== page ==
MORAINE — The man injured in a deadly shooting at the DMAX plant in Moraine is speaking out for the first time about the “chaotic” situation at the plant last week.
Kelly Suber, Jr., an assembly line worker at the facility, and his attorney Michael Wright spoke to reporters Wednesday morning, nearly a week after the shooting. Wright said he’s also representing the family of Jeffery Allen, the worker killed in the shooting.
Moraine Police previously said investigators determined that the suspect and Allen were involved in a “domestic-related feud” over another female employee and that the suspect shot Allen during an altercation inside the facility.
Wright alleged that DMAX management “knew about the conflict” between the shooter, Allen, and the female employee.
“We believe that DMAX management knew about the conflict among these parties and did not address it. It’s also been discussed that DMAX knew the shooter had a gun and they did nothing about it,” Wright said.
Wright said it was his and Suber understanding that the woman had to be escorted to her car the night before the shooting because of some threats that were made.
While it is not clear if a lawsuit will be filed, Wright said he is investigating the security at the plant.
Suber worked with both Allen and the woman involved but did not know the suspect, who also worked at the facility. He recounted the moment and the fear he felt when the shooting happened.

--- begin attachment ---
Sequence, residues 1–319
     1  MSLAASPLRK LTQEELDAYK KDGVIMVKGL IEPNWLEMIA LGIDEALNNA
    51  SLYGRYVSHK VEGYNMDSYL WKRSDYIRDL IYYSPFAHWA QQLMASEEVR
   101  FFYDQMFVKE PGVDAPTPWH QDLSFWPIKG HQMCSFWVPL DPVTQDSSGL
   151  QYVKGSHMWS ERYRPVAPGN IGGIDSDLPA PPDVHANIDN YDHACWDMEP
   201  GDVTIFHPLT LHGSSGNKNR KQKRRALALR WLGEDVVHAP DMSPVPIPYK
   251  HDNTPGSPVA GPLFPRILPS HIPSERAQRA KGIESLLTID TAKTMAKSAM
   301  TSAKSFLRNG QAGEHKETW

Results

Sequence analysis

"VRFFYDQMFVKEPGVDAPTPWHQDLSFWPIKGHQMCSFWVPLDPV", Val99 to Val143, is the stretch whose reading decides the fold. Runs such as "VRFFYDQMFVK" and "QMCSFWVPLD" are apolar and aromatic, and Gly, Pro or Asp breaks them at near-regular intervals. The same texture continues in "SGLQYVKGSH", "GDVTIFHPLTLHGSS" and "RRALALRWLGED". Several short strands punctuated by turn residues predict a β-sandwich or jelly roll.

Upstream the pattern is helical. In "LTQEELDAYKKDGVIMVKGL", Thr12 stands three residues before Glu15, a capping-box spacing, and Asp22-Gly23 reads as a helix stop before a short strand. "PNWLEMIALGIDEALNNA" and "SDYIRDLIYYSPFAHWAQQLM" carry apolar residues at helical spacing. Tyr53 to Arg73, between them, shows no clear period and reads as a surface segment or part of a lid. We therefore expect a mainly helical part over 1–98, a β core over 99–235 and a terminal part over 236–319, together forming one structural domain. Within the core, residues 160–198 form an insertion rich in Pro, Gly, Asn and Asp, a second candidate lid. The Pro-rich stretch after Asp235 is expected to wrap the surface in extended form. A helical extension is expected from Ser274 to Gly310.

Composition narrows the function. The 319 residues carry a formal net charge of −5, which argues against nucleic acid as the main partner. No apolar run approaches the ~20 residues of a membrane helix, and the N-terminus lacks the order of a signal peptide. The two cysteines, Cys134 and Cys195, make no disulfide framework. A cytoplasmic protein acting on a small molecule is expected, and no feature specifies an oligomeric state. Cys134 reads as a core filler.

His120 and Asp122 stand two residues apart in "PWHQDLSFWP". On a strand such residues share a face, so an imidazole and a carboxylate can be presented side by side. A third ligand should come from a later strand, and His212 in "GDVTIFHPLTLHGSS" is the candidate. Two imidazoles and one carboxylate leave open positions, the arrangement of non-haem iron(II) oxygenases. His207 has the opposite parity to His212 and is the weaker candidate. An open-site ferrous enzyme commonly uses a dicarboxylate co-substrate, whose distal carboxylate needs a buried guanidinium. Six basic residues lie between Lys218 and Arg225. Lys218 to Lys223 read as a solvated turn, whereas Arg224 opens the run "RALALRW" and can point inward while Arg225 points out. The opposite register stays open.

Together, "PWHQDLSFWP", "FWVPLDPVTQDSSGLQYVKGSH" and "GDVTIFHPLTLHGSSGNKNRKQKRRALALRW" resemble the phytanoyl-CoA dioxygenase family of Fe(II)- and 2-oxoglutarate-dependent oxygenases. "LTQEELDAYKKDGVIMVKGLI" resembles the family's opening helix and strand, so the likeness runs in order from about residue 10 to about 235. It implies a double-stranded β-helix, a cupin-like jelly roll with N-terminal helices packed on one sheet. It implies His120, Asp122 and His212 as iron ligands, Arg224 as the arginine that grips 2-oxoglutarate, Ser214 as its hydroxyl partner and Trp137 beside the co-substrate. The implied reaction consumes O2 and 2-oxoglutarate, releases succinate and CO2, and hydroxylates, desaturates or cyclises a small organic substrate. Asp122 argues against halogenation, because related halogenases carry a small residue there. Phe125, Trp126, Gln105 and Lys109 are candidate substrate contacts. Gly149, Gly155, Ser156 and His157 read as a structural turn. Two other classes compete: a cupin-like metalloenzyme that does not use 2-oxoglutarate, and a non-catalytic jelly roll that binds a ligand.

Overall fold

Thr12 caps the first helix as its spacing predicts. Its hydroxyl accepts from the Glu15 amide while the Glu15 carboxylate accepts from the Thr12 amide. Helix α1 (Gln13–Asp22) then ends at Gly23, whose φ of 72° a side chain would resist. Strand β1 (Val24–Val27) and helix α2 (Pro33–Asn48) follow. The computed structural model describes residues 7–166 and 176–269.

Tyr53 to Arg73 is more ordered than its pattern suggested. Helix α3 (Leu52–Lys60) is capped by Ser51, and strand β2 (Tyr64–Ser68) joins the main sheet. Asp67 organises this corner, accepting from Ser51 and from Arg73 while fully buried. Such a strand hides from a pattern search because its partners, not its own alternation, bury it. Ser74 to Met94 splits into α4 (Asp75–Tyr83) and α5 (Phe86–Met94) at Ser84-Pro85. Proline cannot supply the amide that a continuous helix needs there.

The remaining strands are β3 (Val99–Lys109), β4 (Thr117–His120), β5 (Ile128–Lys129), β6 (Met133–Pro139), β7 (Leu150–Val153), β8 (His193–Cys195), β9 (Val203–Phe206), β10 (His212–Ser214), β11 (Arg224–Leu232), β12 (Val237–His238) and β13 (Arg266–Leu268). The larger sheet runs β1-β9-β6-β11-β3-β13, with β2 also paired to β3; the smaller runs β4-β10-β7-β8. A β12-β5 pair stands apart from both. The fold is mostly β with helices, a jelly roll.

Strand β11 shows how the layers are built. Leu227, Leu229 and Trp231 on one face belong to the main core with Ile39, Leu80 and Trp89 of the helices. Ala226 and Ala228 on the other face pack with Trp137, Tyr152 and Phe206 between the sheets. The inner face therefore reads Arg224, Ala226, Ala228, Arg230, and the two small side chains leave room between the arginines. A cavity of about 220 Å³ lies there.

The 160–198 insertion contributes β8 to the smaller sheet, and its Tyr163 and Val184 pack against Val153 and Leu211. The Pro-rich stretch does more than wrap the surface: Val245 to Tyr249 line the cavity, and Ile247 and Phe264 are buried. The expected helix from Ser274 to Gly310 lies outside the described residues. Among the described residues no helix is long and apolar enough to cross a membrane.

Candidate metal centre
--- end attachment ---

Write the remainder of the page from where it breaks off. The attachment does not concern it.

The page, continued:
“As I’m doing my work, I hear guys behind me arguing. As soon as I turn around, a guy pulls a gun out his bookbag and shoots the other guy,” he said.
He recalled scrambling to get away and jumping over one of the assembly lines. When he hit the ground, that was when he said he felt the pain in his foot and realized he had been shot.
He said that he and the suspect, who has not been identified by police or charged, made eye contact before the suspect headed to the back. He said he feared for the worst at that moment.
“Honestly, I thought I was about dead,” he said.
After then, Suber was able to make it to the cafeteria where another worker helped him out to the gate.
In terms of security, Suber said prior to the shooting all workers had to do was scan their badges to get in and out of the facility. He claimed there was no kind of bag check. As News Center 7 previously reported, new security measures, such as bag checks, were put into place after the plant resumed production Monday.
“It’s almost too late,” Suber said in reaction to the new checks. “It already happened.”
After the shooting, Suber said he was not sure if he will return to work at the plant once he heals.
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